(Comet C/2020 F3 (NEOWISE) at the Teide Observatory. Credit: Miquel Serra Ricart (IAC) and Manuel Mallorquín. )
During the month of July we will be able to see comet c/2020 F3 (NEOWISE) with the naked eye from the Canaries and from the Peninsula.
Comet C/2020 F3, which was discovered on March 23rd by the NASA satellite NEOWISE and has been given the name of this satellite, passed its perihelion, the point in its orbit closest to the Sun, on July 3rd. At that time its distance from the Sun was 43 million kilometres, and we will not be visited again by this comet for another 6,800 years.
Since perihelion it is still very near to the Sun, and it is visible just before dawn, so that we have barely half an hour to observe it before the dawn light makes it invisible. It will be at its closest to Earth onJuly 23rd, when it will be at a distance of 0.69 astronomical units, (103 million kilometres). From that day on it will be visible after sunset. As it moves further from the Sun it will get fainter, but because of the darker sky at night its contrast will increase and it will be easier to see, which will also be favored by a still thin crescent Moon.
The comets are Solar System objects composed mainly of ice and dust, so they have been nicknamed “dirty snowballs”. They move around the Sun on very elliptical orbits, with periods (the time they take to go once round their orbit) ranging from a few years to hundreds of thousands of years. When they move close to the Sun (near perihelion) its heat melts the comets’ ice, and they emit gas and dust particles, which are driven out by the Sun’s radiation and wind, forming the tail of the comet, which can measure well over a million kilometres long. The solid part of a comet is its nucleus, and they range from 10 km to 40 km in size.
The majority of the comets come from the Oort Cloud a spherical cloud of small bodies at around one light year from the Sun, although some of them originate in the Kuiper Belt, a disc of material between 7,500 and 15,000 million kilometres from the Sun, and these latter are usually short period comets, (less than 200 years).
The study of comets is very interesting for astronomers because they are in a sense fossils dating from the epoch of formation of the solar system, so they contain information about the birth of our planetary system. If the comet comes from the Oort cloud (which is the case for comet Neowise) the scientific interés is even greater, because they are usually new comets which contain primordial unprocesses material from the original cloud (the solar nebula) which formed our solar system.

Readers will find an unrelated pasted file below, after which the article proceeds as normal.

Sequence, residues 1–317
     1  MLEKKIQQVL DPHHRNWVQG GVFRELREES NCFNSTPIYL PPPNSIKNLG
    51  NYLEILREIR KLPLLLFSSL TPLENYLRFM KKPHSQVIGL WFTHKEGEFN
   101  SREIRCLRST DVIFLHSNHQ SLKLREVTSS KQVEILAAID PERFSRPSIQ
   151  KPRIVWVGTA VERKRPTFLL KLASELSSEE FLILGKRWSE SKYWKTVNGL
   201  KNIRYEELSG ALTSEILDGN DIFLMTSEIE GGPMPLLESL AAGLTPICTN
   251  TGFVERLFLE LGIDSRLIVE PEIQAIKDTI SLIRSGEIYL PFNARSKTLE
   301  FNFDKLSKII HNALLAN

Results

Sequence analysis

In September 2013 the WISE (Wide-Field Infrared Survey Explorer) space telescope, which was deactivated because it had competed its mission to make an astronomical study of the whole sky using infrared imaging, was reactivated and given its present day name NEOWISE. Its new mission is to strengthen NASA’s efforts to identify and characterize the population of objects near to the Earth (Near Earth Objects, or NEO’s). Since then it has obtained nearly 10.3 million sets of images and had a data base with over 76 thousand million detections.
Near Earth Objects (NEO’s) are comets and asteroids which have been driven into the Earth’s neighborhood by the gravitational fields of the planets. Some of the objets discovered by NEOWISE, such as C/2020 F3, have been classified as potentially hazardous asteroids (PHA’s), Objects near to the Earth are classified as PHA’s depending on their sizes and their proximity at the orbit of the Earth.
EELabs (eelabs.eu) is a project funded by the Programme INTERREG V-A MAC 2014-2020, cofinanced by FEDER (European Fund for Regional Development) of the European Union, under contract number MAC2/4.6d/238. Five centres in Macaronesia (IAC, ITER, ULPGC, SPEA-Azores and SPEA-Madeira) work in EELabs. The objective of EELabs is to build laboratories to measure the energy efficiency of the artificial night lighting in protected natural areas in Macaronesia (the Canaires, Madeira, and the Azores).